SHADOW BANKING: THE FUTURE OF BANKING?
As banks find their margins squeezed on traditional lending and payments activities, nonbank credit and financing—supported by technological innovation—is growing exponentially.
Worldwide, peer-to-peer lending is growing, and credit is expanding outside the realm of regulated banks.
In the UK the sector is attracting institutional investors. “As a result the growth rate in the UK is outpacing the rest of Europe, You can see it: The London metro is full of advertising for peer-to-peer lenders.”
The CCAF study, co-authored with EY and 14 leading industry associations, showed not only the rapidity of growth of shadow banking in Europe but also the way that growth is shaped by cultural differences between countries. “The Netherlands and Spain have relative and absolute bases of strong growth in rewards-based crowdfunding, which has a philanthropic dimension to the investment decisions,” The study—based on 255 leading platforms in Europe—is believed to capture 85% to 90% of the European online alternative finance market.
Several factors are driving growth in these new forms of finance, low interest rates—which are pushing investors to seek better returns—as well as the “significant loss of trust in financial institutions.”
“But our view at the Centre it is that yes, all of this has possibly accelerated the development, but there is a more fundamental trend going on beneath all of this, and it is a technology-driven trend. At the end of the day technology is the big enabler. And what does technology enable? At a very basic level it helps match providers of funding with users of funding. It enables the disintermediation of incumbent institutions—and this is only the beginning.”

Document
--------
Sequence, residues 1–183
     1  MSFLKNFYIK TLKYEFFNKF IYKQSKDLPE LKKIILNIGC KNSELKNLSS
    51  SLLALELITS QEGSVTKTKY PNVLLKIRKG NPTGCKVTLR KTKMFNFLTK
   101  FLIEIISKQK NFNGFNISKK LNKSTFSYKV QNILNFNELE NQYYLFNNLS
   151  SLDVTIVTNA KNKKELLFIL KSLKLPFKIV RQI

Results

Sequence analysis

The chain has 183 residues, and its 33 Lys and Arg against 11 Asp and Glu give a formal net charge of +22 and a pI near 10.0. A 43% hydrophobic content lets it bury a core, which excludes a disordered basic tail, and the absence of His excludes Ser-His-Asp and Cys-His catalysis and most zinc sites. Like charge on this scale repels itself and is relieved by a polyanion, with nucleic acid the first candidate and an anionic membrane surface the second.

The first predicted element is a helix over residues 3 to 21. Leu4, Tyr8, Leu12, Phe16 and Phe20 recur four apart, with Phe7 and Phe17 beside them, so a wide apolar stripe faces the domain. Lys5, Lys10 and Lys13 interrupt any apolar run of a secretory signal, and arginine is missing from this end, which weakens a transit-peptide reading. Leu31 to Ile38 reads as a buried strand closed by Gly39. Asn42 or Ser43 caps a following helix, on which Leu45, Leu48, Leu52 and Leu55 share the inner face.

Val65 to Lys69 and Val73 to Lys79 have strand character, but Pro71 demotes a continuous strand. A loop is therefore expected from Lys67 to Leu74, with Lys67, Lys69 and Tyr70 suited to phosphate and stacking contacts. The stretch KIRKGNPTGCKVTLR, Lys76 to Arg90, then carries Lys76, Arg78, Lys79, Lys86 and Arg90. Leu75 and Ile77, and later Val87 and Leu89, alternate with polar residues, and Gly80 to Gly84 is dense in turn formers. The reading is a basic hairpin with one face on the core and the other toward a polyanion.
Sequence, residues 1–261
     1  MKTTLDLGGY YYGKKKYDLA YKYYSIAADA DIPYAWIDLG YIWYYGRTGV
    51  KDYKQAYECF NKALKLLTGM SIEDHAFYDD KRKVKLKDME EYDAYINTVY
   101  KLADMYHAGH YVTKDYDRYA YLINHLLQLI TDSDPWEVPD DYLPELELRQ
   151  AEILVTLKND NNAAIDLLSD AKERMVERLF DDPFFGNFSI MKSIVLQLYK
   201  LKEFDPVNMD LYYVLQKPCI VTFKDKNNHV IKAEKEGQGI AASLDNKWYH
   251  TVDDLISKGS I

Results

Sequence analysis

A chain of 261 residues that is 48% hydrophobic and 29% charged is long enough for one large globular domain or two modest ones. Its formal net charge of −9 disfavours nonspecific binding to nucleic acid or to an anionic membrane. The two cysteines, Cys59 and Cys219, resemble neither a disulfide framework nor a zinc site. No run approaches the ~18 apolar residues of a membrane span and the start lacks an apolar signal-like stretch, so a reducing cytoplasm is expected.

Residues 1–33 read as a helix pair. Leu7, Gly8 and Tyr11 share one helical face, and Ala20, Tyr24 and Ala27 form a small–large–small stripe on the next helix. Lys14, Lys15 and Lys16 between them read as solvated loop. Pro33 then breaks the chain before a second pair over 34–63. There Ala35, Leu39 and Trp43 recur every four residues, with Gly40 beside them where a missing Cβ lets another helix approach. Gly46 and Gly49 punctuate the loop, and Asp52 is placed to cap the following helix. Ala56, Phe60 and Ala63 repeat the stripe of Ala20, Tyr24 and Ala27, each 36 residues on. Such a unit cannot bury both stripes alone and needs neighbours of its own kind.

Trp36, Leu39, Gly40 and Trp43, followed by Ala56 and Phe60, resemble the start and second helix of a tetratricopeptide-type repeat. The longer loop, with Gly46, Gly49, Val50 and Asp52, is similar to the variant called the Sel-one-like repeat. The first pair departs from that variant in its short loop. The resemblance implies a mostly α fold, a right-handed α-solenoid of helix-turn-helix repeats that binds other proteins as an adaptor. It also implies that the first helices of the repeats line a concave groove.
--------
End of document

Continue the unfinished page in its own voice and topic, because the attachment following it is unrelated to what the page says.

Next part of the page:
“What happened,” says Laura Kodres, chief of the Global Financial Stability Division at the International Monetary Fund, “is that other types of shadow banking expanded—in particular, the use of investment funds that are now supplying credit to small enterprises, leveraged loans [loans to companies or individuals that already have high debt levels], and project finance.”
For example, the nonbank share of leveraged loans as a percentage of all leveraged loans in the US has grown from about 20% to 80%, she says. “A lot of that credit activity is now taking place outside of banks, for instance among credit-focused mutual funds.”
Regulation imposed on banking after the financial crisis, such as capital constraints from Basel III regulations, are setting limits on the activity of traditional banks and spurring other forms of credit. “Lending is actually a more expensive activity for the traditional commercial banks, and nonbanks see this as an opportunity to be able to provide credit at lower cost, in part because they do not have to follow the same capital requirements and they do not have to follow the same liquidity requirements that traditional banks do”
“In the Chinese case most of the shadow banking is taking place in the form of trust companies, which are financing specific projects of property companies, energy firms or manufacturers,” Chwang says. Once securitized, these products are sold to high-net-worth individuals.
A cap to interest rates paid on Chinese deposits to investors “is really why the wealth management products in China in the shadow banking system have grown up until today, Interest rates in China are regulated by the government, and that has created an opportunity for wealth management products to offer…much higher rates of returns.” Chinese officials have said that they will deregulate interest rates paid on deposits in the future, which should help traditional banking channels. “Shadow banking in China will become smaller than it is today.”